The Link Between Excess Weight and Arthritis

Your body weight dramatically affects your chances of developing arthritis. Being overweight directly causes nearly one-fourth of all diagnosed cases of arthritis. And if you’re obese, you’re 60% more likely to end up with arthritis compared to people who maintain a healthy body weight.

By the time joint pain drives people to seek help from Dr. W. Joseph Absi at Orthopaedics of Atlanta and Aesthetic Institute, they already have arthritis, and often it has reached an advanced stage.

We would like to help you prevent the disease by showing you how being overweight or obese affects your joints and accelerates arthritis.

Arthritis and your weight

Your weight doesn’t just influence your risk for arthritis. Once you have arthritis, you’re more likely to become disabled if you’re overweight.

Though body weight is typically associated with osteoarthritis, it also contributes to rheumatoid arthritis. Rheumatoid arthritis develops at an earlier age in people who are overweight or obese. Additionally, carrying extra weight delays the effect of the drugs we prescribe to treat the disease and slow down joint damage.

Many people can prevent arthritis or drastically lower their risk by losing weight. You don’t even need to lose a massive amount of weight to make a difference. For example, obese women who lose 11 pounds can lower their risk of developing knee osteoarthritis by at least 50%.

Body weight accelerates joint degeneration

Your weight-bearing joints are especially vulnerable to arthritis. The weight in your upper body puts pressure on your spine, primarily in your lower back. As a result, being overweight leads to facet joint arthritis in the vertebral joints.

Your knees and hips bear the brunt of excess body weight. Every time you take a step, the force that occurs when your foot hits the ground travels up your legs. Your joints then absorb and transfer that force, significantly contributing to the ongoing wear and tear that causes osteoarthritis.

Consider this: When you walk, the force on each knee is three times your body weight. When you jump, the load is 10 times your weight.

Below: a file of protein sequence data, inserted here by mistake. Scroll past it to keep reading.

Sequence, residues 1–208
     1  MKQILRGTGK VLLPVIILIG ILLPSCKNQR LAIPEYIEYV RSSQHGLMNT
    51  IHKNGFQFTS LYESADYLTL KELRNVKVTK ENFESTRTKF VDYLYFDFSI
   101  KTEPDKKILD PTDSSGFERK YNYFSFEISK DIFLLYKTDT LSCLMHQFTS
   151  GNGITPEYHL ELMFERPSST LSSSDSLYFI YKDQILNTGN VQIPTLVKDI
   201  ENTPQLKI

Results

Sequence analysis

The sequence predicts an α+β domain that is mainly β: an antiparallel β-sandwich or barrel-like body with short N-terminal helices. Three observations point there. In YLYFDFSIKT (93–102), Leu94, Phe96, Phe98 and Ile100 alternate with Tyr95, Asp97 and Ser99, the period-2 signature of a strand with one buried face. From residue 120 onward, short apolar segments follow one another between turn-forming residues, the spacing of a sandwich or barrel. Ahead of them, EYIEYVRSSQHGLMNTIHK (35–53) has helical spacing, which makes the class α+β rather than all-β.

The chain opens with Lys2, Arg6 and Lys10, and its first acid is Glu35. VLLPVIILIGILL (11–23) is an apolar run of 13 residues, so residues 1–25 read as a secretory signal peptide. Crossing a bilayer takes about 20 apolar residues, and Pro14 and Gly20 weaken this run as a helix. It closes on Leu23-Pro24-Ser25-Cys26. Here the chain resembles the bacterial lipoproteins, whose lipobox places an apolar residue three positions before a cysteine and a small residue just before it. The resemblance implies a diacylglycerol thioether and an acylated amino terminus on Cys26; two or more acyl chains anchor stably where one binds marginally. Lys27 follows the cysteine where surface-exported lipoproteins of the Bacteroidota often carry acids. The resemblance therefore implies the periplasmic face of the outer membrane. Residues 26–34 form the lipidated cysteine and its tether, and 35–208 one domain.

As you gain weight and add stress to your joints, the protective cartilage degenerates and wears away at a faster pace. That’s how you develop osteoarthritis.

Excess weight boosts joint inflammation

Arthritis is an inflammatory disease. Rheumatoid arthritis begins when your immune system attacks the tissues lining your joints and causes inflammation. Though osteoarthritis doesn’t begin with inflammation, it gradually develops due to damage and irritation in the joint.

Without treatment, the joint inflammation becomes chronic and contributes to the severity of your disease. If you have rheumatoid arthritis, inflammation erodes the bone and leads to joint deformities.

There’s another way being overweight contributes to inflammation. Fat cells constantly release biochemicals that cause inflammation throughout your body, including your joints. Extra body weight translates into more biochemicals and a higher level of inflammation. This additional inflammation raises your risk of developing arthritis and makes existing arthritis worse.

Being overweight leads to faster disease progression

Arthritis is a progressive disease for which we don’t have a cure. The progressive joint degeneration proceeds at a faster pace in people who are overweight. Ultimately, the joint becomes so damaged that the only treatment option is surgery to replace the joint.

Whether you have joint pain and stiffness or you’re overweight, don’t wait to get help. We have a wide range of arthritis treatments that relieve your pain, make it easier to move, and help to reduce inflammation.

The team at Orthopaedics of Atlanta and Aesthetic Institute also offers comprehensive care and support for weight loss with their doctor-supervised weight management program.

To get treatment that slows down joint damage from arthritis, call our office or request an appointment online today.

You Might Also Enjoy...

How to Protect Your Knees When You Work Out

How to Protect Your Knees When You Work Out

Your knees are complex joints that can be prone to injury, even from a simple workout. Learn how to protect your knees while enjoying a strenuous workout with these simple tips from an orthopaedic specialist.
Is Hip Replacement Inevitable?

Is Hip Replacement Inevitable?

We all want to avoid surgery if we can help it, but hip pain rarely responds to conservative treatment for long. Take heart, because you have options, and hip replacement may be avoidable..
When to See a Doctor for a Sprain

When to See a Doctor for a Sprain

A sprain might seem like a minor thing, but some sprains require medical intervention to heal properly. To learn when it’s time to make a doctor’s appointment, use this guide.